CharityData.ca – An in-depth look at this important registered charity transparency tool
Learn how to use CharityData.ca to learn about charities and the Canadian Charity Sector
Blumbergs has created the largest Canadian registered charity information portal at CharityData.ca, with up to 19 years of data on every Canadian registered charity.
The portal is free, and it aims to increase transparency in the Canadian charity sector. Canadian charities have revenue of over $300 billion per year and millions of Canadian volunteer their time every year. Therefore, it is important that there is more transparency about the operations of charities.
CharityData.ca provides an easy-to-use interface that is far easier to use than the CRA's Charities Listing to analyse T3010 Registered Charity Information Return data on a particular charity. It also allows the user to sort charities under "Advanced Charity Search" by over 30 criteria.
The information on the CharityData.ca website is taken directly from the public portion of CRA‘s database of registered charities. CRA sends us the data on a monthly basis, and we upload it 2-3 times per year. We don’t make any changes to the information. You can read more details about the CharityData.ca website at the FAQs. www.CharityData.ca/faq/
We also note on CharityData.ca "For the most up-to-date information use the CRA’s own Charities Listing database. If you notice errors in the CRA information, let CRA know. A charity can file a T1240 (10) Registered Charity Adjustment Request."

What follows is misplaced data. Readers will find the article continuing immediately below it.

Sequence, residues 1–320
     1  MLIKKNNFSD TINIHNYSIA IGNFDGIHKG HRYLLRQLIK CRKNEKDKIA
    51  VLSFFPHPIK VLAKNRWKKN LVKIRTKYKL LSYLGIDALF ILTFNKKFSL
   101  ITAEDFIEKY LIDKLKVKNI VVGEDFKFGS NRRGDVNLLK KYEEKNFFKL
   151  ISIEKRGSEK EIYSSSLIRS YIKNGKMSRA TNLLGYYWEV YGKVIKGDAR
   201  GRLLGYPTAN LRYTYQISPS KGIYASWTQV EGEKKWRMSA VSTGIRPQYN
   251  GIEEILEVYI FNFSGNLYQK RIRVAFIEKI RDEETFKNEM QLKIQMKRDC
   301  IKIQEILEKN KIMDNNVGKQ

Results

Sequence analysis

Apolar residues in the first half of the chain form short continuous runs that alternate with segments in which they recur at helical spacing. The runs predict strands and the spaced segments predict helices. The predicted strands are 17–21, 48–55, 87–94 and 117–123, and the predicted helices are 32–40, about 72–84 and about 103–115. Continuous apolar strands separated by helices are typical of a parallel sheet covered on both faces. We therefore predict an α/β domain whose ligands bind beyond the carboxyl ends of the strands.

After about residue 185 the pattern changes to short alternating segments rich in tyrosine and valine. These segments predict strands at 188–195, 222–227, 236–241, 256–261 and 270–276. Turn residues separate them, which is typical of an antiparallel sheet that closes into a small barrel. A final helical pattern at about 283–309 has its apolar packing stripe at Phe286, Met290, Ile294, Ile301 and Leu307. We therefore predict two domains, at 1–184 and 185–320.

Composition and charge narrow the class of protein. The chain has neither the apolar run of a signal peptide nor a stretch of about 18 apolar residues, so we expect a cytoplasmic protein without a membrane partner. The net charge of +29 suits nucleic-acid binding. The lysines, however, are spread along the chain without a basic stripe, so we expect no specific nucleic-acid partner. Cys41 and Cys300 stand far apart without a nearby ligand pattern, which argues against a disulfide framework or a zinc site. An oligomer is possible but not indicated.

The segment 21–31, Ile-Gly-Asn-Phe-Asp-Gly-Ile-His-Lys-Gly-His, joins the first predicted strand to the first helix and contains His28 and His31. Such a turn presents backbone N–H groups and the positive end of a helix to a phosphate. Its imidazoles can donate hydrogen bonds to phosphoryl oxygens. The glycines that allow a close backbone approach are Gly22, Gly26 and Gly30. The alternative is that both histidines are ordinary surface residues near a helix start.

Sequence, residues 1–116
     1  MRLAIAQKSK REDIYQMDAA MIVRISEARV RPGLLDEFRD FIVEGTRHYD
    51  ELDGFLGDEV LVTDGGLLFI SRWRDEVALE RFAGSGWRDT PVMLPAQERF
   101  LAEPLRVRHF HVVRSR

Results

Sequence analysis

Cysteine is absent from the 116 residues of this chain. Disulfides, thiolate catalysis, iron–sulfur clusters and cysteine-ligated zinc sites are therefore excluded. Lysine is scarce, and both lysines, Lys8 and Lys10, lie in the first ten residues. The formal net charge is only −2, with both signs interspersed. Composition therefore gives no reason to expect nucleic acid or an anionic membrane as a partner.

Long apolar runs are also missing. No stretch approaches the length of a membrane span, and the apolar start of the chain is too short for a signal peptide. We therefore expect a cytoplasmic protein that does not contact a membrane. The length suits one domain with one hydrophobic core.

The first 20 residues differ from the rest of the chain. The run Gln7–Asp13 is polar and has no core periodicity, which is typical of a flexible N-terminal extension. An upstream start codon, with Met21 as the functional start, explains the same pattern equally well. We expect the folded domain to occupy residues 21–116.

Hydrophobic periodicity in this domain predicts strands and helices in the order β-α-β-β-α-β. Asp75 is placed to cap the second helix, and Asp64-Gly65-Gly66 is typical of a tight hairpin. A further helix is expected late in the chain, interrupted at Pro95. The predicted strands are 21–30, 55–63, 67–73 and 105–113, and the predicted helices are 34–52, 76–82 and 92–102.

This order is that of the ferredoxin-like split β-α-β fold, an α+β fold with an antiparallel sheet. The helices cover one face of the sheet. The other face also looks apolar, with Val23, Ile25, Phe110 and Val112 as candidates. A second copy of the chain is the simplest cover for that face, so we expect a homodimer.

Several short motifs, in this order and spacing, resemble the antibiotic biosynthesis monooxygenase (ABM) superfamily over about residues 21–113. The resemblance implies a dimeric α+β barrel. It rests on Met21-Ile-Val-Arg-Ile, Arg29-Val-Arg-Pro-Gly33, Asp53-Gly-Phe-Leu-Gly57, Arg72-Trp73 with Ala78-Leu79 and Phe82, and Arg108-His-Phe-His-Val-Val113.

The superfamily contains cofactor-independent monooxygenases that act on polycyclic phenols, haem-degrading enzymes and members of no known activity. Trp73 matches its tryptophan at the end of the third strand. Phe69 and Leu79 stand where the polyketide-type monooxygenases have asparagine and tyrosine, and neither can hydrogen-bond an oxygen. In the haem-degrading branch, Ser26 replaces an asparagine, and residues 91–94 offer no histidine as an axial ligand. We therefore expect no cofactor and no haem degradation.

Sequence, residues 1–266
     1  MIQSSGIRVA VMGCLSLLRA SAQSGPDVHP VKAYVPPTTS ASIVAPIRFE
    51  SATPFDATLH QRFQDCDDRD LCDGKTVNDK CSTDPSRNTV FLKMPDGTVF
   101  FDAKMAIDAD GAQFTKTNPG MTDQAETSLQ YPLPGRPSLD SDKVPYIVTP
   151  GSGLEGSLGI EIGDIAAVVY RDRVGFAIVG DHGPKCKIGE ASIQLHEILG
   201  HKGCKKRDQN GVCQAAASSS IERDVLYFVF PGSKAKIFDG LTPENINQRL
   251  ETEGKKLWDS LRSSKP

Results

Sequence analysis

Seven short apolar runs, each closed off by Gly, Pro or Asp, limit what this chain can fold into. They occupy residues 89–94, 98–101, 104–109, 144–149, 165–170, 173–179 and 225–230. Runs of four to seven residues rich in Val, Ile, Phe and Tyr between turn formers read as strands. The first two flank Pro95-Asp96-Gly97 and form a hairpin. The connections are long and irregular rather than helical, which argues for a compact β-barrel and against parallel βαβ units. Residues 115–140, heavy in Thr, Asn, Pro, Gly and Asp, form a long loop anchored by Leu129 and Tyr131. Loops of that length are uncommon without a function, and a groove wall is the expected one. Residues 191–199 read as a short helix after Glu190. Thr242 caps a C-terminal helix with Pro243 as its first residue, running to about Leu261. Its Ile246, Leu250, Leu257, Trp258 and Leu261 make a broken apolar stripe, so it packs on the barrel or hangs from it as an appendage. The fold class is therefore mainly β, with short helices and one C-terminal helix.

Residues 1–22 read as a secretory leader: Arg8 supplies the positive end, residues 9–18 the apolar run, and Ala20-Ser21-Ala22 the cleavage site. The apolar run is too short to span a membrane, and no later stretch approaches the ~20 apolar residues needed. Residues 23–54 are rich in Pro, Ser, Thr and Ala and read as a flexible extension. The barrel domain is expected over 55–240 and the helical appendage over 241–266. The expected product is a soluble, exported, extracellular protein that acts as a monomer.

The Director Search function of CharityData.ca also allows users to search over 500,000 directors by their first and last names, and it is the only publicly available and up-to-date tool for searching them.
You can use CharityData.ca to search or sort by the following:
Search by Name of Charity, BN, Program Descriptions, Designation, Category, Total Revenue, Total Assets, Total Expenses, Number of Employees, Province, City, and Postal Code.
You can also sort by over 33 different parameters listed below.
– Legal name
– Total assets (4200)
– Total liabilities (4350)
– Total revenue (4700)
– Total expenditures (5100)
– Total Cash, bank accounts and short-term investments (4100)
– Long-term investments (4140)
– Land and Buildings in Canada (4155)
– Other Capital Assets in Canada (4160)
– Receipted donations (4500)
– Total amount received from other charities (4510)
– Total amount of tax-receipted gifts-in-kind (580)
– Total non-receipted revenue from fundraising (4630)
– Revenue from sale of goods and services (4640)
– Total revenue received from the federal government (4540)
– Total revenue received from provincial/territorial governments (4550)
– Total revenue received from municipal/regional governments (4560)
– Total revenue from any level of government (4565)